There is very little gray area with Sons.  It's a love it or hate it kind of show (not unlike its creator).  I know this is easy to say, but bear with me -- I believe the folks who like Sons of Anarchy, truly understand it conceptually.  Those who don't like it, simply can't (or can't be bothered) to wrap their brains around what we are trying to do.  By example, I have friends who despise Madmen.  They think it's a pretentious, overly-acted, slow, self-indulgent study of characters no one gives a shit about.  They compare it to my show.  They're idiots.  They can't see the point of Madmen and the vision that Matt Wiener and his writers are trying to communicate.  They are viewing apples through an orange lens.  You can't show up and watch True Blood with the same criteria you'd show up to watch The Shield.  Style, theme, pace, rhythm, all those things are never arbitrary in good shows.  To judge all shows by the same set of expectations is ridiculous.  Right now, Madmen and True Blood are my favorite dramas.  I watch them for completely different reasons.  I need a clear head and energy to watch Don Draper.  I know Matt is going to make me think beyond the screen.  True Blood on the other hand, is pure campy delight.  Sookie and crew will shock, titillate and entertain the fuck out of me.  I never leave that show with residual interrogatories.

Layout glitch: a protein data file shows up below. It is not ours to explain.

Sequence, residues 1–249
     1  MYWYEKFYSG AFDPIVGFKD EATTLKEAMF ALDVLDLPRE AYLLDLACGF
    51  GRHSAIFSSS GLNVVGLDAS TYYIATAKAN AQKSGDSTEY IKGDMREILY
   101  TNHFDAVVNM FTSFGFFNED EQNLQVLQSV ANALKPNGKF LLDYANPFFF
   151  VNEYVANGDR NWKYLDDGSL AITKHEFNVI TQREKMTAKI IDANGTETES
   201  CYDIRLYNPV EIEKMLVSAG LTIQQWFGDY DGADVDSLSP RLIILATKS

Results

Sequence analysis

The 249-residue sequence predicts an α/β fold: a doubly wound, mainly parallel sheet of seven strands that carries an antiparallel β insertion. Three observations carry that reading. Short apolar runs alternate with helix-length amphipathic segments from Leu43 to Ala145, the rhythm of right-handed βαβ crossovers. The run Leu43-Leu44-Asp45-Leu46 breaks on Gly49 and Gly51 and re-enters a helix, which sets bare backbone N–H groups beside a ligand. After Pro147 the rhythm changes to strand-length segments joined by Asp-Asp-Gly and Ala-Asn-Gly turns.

It's one thing if you're the audience.  If you don't like something, you simply turn the channel, but if you're a critic, don't you get paid for thoughtful analysis?  Aren't you supposed to roll up your sleeves and try to understand the material in the context of the world in which it is meant to live?  To throw all shows into a big bucket-o-tube is just fucking lazy.  Look, I don't mind getting fucked in the ass as long as the thing penetrating me takes a little bit of time to get to know the ins and outs of my crack (okay, that analogy even made me shiver).